I Think I Might Have Figured This Whole Work Thing Out

Ironically, just after posting that I was going to get back to blogging, and my first post back on how grateful I am, I got really sick, didn’t do anything, fell behind at work and so didn’t do any blogging while I caught up.

So, here we are again and now I am really grateful that I’m not sick.

Recently, I went full circle, spending two days in San Diego, where my first daughter was born and where I moved away from thirty-one years ago, to attend a soccer tournament for my fourth daughter.

Julia in San Diego

It’s been an eventful year. We received our third research grant, completed our second Kickstarter and our first accelerator program. Raised our first seed round.

Thirty-one years ago, I was an industrial engineer at General Dynamics. I’d just won the world judo championships. I’d also just gotten divorced. That was an eventful year, too.

You’d think after all this eventfulness I would have figured this whole life thing out. To some extent, I think maybe I have.

I have worked full-time since I was 15 years old, much of that time either going to school full-time, competing as an international athlete or working a second (third) job.

One thing it took me an unreasonably long amount of time to figure out was this:

The work will always be there. The time will never come that at the end of the day you say, “That’s it. My work here is done. I’m finished.”

Do a reasonable amount of hard work. Then quit worrying about it.

You are not going to run out of work. Don’t think you have to take every contract that comes across your desk, accept every job offer, even if it requires you to work until midnight six days a week. There may be intervals, say,  when you need to do that to pay for your child’s college education or found a startup but those should be INTERVALS in your life, not your whole life.

You are never going to be good as you want to be. Even if I knew everything possible to know about a software language, I still wouldn’t be satisfied. There would be another language that I didn’t know.

Enjoy the accomplishments. We were standing in line in a restaurant in San Diego when I just happened to glance at the jacket my lovely daughter had borrowed from me. It had a the logo of a tribal radio station on the back. I commented, “That radio station exists because I wrote the grant to fund it. It’s been there for years.” There are a lot of programs and products that exist because I wrote the grant, wrote the code, designed the program. The second each is over, I forget about it and go on to the next one. I’m learning to pause every now and then, pat myself on the back and say, “That came out well.”

stack of fishCheck out Fish Lake and Spirit Lake – What I’m working on now. If you buy a copy, you’ll get a free license for Forgotten Trail thrown in.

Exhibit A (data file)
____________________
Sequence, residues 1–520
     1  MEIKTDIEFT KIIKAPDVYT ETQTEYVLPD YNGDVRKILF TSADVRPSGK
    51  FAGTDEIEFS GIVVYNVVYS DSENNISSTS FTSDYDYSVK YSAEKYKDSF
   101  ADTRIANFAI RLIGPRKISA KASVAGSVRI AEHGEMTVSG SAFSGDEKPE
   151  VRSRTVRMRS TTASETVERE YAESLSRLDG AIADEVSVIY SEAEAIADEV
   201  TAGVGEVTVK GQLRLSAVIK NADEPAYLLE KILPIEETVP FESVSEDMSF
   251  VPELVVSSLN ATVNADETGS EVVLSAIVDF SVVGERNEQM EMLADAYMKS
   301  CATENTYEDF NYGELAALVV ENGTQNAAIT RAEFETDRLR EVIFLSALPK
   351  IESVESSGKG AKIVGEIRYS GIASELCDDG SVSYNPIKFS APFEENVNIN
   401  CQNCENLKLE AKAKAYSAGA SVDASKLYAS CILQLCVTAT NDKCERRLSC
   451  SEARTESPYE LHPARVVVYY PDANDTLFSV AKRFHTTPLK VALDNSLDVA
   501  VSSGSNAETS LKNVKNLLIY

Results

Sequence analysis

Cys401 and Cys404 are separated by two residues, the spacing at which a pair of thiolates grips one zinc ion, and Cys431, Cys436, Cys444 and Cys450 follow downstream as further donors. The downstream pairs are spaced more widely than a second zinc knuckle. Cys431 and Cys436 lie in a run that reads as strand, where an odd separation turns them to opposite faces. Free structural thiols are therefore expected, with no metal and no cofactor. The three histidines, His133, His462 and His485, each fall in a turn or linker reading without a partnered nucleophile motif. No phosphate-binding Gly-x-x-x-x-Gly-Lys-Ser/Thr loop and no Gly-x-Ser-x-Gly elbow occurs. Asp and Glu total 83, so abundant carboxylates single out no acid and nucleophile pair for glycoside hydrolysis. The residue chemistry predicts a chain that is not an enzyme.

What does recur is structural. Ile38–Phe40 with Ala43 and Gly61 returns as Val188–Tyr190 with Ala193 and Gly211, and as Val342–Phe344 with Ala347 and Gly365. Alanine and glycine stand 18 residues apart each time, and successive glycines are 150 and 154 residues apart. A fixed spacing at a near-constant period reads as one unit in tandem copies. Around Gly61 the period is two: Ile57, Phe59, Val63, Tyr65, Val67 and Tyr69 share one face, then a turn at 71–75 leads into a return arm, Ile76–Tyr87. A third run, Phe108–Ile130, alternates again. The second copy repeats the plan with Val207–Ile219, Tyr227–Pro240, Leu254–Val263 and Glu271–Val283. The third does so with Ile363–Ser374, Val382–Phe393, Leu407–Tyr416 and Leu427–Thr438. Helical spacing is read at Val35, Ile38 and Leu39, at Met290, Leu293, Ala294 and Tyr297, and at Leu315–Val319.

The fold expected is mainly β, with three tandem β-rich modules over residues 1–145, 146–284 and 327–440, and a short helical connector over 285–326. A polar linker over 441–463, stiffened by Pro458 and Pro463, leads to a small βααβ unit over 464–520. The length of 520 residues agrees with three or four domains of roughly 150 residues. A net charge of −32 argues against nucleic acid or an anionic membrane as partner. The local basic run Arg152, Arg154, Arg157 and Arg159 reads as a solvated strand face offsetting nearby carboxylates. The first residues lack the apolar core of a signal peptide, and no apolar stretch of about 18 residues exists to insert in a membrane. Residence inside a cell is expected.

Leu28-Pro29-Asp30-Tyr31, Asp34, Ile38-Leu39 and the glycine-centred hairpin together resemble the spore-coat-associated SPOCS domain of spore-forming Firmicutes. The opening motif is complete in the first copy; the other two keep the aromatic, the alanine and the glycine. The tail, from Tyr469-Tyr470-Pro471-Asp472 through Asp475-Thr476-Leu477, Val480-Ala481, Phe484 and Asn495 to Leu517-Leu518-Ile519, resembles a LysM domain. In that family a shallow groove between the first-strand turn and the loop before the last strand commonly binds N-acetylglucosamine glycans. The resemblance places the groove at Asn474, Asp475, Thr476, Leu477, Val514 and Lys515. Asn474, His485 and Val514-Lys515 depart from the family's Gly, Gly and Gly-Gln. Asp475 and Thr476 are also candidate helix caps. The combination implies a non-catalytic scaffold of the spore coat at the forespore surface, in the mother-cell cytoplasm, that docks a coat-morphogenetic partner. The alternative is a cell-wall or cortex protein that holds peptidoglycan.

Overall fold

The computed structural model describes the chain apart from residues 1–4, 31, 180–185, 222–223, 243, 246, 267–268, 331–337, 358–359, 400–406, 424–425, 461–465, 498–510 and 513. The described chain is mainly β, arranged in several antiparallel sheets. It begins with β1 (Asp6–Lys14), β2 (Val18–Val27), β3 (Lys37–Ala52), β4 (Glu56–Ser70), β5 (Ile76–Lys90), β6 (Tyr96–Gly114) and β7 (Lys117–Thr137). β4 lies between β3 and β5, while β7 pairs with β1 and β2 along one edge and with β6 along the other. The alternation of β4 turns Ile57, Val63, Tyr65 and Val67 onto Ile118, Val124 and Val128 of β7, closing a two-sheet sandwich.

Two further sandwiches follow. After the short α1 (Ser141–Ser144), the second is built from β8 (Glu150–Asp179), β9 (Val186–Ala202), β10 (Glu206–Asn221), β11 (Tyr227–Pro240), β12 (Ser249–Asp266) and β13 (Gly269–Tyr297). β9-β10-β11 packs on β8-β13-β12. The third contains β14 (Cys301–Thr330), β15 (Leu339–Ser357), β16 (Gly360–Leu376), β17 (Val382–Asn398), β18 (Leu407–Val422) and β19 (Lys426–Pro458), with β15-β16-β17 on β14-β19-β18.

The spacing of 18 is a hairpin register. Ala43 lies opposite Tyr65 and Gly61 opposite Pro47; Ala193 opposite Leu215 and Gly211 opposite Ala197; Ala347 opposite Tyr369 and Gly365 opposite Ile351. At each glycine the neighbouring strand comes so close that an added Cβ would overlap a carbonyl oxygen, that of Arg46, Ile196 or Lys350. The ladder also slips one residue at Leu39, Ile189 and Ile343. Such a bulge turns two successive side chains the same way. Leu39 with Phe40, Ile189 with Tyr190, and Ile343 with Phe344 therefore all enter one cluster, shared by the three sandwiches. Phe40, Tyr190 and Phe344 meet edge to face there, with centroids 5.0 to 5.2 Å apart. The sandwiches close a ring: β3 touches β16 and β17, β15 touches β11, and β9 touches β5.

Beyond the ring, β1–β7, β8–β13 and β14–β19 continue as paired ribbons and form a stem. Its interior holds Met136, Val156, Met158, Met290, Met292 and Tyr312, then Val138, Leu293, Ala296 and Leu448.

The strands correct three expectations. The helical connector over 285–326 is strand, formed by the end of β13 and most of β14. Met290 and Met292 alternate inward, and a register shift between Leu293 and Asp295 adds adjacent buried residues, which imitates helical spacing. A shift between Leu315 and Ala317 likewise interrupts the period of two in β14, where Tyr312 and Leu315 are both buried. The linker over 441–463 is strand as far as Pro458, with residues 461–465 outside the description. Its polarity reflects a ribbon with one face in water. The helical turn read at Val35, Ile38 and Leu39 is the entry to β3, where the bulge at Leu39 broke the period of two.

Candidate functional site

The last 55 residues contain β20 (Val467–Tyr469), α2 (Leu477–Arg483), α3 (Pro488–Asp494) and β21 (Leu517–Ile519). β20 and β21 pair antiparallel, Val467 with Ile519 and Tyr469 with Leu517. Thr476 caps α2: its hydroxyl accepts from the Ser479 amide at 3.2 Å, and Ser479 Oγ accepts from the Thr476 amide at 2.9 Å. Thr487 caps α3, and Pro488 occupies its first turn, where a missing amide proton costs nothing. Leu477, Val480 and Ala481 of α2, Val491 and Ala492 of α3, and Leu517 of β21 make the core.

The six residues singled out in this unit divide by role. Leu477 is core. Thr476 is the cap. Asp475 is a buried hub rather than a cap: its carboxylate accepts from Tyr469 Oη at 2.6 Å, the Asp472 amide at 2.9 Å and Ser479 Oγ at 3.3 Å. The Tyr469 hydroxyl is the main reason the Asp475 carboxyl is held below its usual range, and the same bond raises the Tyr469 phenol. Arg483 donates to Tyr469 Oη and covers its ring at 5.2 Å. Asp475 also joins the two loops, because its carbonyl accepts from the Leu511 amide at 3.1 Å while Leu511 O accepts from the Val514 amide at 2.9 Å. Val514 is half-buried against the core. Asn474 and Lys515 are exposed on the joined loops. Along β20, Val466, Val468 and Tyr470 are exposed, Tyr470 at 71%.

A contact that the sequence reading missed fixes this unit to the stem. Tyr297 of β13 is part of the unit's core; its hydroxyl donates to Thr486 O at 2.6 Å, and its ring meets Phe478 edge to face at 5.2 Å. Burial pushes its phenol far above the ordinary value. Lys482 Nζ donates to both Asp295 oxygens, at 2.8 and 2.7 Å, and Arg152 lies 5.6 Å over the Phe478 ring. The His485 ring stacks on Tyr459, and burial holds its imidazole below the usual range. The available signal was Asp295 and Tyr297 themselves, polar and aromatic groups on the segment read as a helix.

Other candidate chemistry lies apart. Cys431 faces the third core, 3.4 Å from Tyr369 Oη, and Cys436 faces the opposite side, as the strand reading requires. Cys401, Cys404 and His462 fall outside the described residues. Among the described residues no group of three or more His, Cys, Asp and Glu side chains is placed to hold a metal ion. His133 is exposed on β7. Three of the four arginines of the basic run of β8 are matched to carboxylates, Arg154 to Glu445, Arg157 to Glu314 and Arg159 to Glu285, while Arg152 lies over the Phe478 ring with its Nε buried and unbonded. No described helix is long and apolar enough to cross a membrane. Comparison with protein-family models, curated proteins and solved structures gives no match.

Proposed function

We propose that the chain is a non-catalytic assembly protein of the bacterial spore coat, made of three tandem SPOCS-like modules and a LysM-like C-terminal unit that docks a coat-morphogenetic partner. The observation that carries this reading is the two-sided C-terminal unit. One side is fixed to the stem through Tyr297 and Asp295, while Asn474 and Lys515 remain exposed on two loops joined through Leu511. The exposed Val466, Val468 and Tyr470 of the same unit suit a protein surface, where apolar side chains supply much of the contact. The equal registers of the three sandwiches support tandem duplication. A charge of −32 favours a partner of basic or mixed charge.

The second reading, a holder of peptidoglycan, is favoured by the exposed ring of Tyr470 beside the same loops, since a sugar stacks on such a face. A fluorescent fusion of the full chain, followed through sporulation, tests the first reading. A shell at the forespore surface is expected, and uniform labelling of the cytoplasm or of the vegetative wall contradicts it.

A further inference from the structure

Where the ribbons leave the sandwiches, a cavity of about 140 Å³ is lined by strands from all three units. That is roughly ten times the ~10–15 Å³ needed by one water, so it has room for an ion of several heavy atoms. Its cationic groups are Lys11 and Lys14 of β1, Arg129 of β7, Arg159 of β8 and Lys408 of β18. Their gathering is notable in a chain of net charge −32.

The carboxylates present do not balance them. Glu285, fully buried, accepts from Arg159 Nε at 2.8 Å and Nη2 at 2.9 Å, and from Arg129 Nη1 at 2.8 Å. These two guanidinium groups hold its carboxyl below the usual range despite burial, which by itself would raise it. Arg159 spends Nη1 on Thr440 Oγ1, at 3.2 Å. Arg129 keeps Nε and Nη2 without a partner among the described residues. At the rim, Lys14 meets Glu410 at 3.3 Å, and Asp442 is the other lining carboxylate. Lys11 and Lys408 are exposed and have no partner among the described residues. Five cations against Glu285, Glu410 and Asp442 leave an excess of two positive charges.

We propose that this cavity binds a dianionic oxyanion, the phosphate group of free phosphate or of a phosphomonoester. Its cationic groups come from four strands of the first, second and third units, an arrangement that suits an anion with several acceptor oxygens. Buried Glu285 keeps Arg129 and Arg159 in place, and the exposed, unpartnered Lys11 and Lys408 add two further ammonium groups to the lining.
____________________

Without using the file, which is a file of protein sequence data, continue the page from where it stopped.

Strive to be better. Don’t strive for perfection or you’ll just make yourself crazy.


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  1. “You are not going to run out of work. Don’t think you have to take every contract that comes across your desk, accept every job offer, even if it requires you to work until midnight six days a week.”

    Right! And it never changes. Johann Hamann figured it out in 1765 and left us these words of wisdom:

    “Work is easy. True idleness required courage and fortitude.”

  2. While it’s nice to look out of windows, and some even think outside their boxes, it’s the people who leave those boxes – who seize their intervals and become / create the visions that others look out at – we deservedly admire. Anyone could, but the tragedy is that relatively few do. Carpe diem.

  3. Did you ever worry that if you didn’t work that hard all the time you wouldn’t attain your goals though? Thank you for posting these kinda of things, especially the last quote. I’m a hardcore perfectionist and it causes me to not even try sometimes because,”What if it doesn’t come out perfect?! What if I lose?! What if I fail?!” What if? Right? 🙂

  4. It is only through hindsight and life experience that we realize what is truly important.

  5. Chelsea –

    I think it is a balance, and it is hard to find that balance. Yes, if I did not work a 40 hour week while going to graduate school, I would not have been able to pay my bills and if I did not study much I wouldn’t have had the grades to go on to a Ph.D. However, I could have published MORE articles and maybe I would have taught at a better university. There is always more that you can do in any endeavor. The key question is what are you willing to give up to achieve a specific goal?

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